(What to do if you’re caught in a disaster while travelling.)

4. How big events could disrupt your travel 

From Taylor Swift’s tour across Europe to the UEFA European Championship in Germany, Europe is limbering up for a summer of major cultural and sporting events. The Olympic Games in Paris are expected to attract three million more visitors than usual. This is likely to mean a greater demand for accommodation, higher prices, crowded public transport, unexpected road closures and even increased security checks in response to the heightened risk of terrorist attacks. If your holiday does coincide with an event, try to explore beyond the city itself, visit nearby tourist attractions that could be quieter than normal, or just enjoy the inevitable citywide buzz surrounding the main event.

(How to explore Paris this summer beyond the Olympics.)

5. Why you should think about overcrowding

While many destinations welcome a return to pre-pandemic levels of tourism, others are actively trying to deter visitors. In Barcelona, tour groups have been capped at 20 people, while entrance to Athens’ Acropolis is now limited to 20,000 tourists each day. Dubrovnik has already cut the number of souvenir stands by 80%, while thousands attended an anti-tourism protest in Santa Cruz de Tenerife in April. All are concerned that overcrowding leads to skyrocketing prices for locals and causes environmental damage, with increased plastic pollution, erosion of heritage sites and traffic congestion. Consider less-visited destinations instead, swapping Santorini for Folegandros an hour’s ferry ride away, Dubrovnik for Šibenik with its medieval centre and fortress, or Barcelona for the Spanish seaside city of Valencia.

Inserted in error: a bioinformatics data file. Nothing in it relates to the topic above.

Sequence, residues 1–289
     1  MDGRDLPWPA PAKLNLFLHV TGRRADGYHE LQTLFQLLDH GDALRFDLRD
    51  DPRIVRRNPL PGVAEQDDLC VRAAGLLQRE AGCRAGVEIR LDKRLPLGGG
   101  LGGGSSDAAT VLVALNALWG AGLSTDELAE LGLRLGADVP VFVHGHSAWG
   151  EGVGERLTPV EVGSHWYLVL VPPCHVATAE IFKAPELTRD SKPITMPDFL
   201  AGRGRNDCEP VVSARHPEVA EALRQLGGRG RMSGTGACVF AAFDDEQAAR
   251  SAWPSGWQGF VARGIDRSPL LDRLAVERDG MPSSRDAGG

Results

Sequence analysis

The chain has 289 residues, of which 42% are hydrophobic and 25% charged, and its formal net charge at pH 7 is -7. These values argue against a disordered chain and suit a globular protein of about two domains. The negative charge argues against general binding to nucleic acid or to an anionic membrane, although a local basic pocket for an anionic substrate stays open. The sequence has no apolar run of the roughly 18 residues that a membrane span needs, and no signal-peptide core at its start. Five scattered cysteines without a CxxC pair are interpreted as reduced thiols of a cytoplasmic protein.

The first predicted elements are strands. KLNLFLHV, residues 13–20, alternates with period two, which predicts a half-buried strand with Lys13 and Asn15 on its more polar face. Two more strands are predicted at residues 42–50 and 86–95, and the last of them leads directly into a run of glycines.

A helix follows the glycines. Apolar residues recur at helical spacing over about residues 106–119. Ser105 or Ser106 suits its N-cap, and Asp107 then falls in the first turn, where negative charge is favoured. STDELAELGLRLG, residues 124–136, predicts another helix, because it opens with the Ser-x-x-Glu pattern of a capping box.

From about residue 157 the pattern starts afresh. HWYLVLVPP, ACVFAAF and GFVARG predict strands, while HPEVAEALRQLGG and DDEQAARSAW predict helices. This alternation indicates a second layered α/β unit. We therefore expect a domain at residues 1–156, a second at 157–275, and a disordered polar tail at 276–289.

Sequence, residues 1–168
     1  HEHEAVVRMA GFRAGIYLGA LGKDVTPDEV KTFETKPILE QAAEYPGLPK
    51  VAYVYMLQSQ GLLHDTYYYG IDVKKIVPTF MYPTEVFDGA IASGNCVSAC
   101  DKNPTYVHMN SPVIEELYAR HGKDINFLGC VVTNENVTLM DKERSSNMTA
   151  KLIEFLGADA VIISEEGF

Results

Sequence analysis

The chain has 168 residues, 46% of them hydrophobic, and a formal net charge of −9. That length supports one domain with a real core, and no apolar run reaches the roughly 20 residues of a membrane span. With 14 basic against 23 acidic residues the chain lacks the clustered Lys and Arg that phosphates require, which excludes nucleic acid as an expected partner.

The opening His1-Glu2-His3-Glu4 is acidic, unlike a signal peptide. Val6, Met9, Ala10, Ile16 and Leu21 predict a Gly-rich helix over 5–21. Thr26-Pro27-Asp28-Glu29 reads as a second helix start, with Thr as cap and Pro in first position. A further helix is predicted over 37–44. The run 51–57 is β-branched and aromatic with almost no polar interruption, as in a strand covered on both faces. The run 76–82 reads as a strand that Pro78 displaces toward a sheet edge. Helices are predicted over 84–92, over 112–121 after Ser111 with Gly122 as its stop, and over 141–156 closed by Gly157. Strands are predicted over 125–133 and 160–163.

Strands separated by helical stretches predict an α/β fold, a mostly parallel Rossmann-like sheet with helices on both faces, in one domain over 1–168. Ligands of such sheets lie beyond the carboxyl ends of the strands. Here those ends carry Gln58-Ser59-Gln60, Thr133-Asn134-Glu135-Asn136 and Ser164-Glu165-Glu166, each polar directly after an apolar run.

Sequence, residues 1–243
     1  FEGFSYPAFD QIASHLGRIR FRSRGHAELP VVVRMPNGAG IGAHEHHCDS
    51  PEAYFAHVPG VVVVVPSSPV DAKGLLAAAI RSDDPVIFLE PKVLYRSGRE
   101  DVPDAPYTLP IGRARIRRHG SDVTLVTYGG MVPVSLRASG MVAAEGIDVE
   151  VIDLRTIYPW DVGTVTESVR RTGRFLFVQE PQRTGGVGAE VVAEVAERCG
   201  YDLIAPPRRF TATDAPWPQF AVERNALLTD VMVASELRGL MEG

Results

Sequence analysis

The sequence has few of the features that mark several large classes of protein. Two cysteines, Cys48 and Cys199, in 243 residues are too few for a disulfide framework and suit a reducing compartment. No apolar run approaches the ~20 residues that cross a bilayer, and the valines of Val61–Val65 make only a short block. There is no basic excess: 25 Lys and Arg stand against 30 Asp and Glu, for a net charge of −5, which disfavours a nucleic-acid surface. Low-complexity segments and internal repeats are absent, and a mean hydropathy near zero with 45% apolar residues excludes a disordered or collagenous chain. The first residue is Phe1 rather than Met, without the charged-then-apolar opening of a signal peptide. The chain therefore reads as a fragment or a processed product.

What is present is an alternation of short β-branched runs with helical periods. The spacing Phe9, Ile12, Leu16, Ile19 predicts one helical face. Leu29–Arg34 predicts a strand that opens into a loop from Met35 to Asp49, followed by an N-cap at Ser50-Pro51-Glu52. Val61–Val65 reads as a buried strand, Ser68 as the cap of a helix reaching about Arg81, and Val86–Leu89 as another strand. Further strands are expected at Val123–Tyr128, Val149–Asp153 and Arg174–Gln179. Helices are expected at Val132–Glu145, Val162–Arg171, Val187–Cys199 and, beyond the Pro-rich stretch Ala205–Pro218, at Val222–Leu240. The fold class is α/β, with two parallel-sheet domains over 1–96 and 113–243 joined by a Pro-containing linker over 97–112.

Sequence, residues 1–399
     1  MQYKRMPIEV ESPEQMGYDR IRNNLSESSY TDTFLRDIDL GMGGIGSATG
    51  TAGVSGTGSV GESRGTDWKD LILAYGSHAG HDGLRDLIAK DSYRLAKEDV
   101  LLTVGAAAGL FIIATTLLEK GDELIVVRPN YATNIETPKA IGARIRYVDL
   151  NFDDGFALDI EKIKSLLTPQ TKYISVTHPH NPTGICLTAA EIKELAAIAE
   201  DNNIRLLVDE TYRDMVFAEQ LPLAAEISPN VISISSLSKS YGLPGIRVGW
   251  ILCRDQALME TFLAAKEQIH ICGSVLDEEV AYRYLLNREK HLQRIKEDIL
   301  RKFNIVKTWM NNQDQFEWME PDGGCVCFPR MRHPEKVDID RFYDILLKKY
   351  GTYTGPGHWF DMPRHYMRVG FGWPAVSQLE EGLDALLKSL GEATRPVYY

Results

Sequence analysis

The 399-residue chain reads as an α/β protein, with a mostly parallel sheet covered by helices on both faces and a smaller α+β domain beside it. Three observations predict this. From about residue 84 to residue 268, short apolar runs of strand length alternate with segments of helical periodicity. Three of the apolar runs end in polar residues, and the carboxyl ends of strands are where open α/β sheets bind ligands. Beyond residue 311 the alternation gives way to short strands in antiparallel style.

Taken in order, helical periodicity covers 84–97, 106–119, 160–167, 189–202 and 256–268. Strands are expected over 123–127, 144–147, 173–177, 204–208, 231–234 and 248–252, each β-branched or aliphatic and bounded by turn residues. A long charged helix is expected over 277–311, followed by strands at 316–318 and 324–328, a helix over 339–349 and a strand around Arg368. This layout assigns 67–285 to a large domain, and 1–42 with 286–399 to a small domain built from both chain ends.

(What’s the problem with overtourism?)

For a summer trip to Croatia, Šibenik and its medieval centre and fortress is a great alternative to busy Dubrovnik.

Photograph by David Milsen; Alamy

6. How to deal with heatwaves

2023 was the hottest year on record globally, with temperatures in Europe above average for 11 months of the year. The Mediterranean was the worst area affected, with temperatures soaring above 40°C across Italy, Spain, Turkey, Cyprus and Greece. Consider travelling outside the hottest months, between July and September, or visiting destinations further north such as Denmark, Germany, Belgium, Lithuania or Ireland which should escape the most intense heat. If temperatures do climb, wear high-factor SPF, avoid being outside in the middle of the day and wear light-coloured clothes made from breathable materials. Avoid alcohol and drink plenty of water, and keep a close eye on vulnerable people, including young children and the elderly.

7. How to avoid being caught out by local laws and taxes

Do your research before travelling to make sure you don’t fall foul of new laws. A €5 tax for day-trippers was introduced in Venice in April, for example, and will be enforced on selected dates until July. It can be paid online in advance, and those staying overnight are exempt but do still need to register. A second tourist tax of €1 to €5 per night is already applicable to overnight stays and should be paid at your hotel. Be aware that some Airbnbs ask that this is paid in cash. Other new rules in parts of Mallorca and Ibiza ban drinking on the street and prevent shops selling alcohol at night, though you will still be able to buy drinks in bars and restaurants.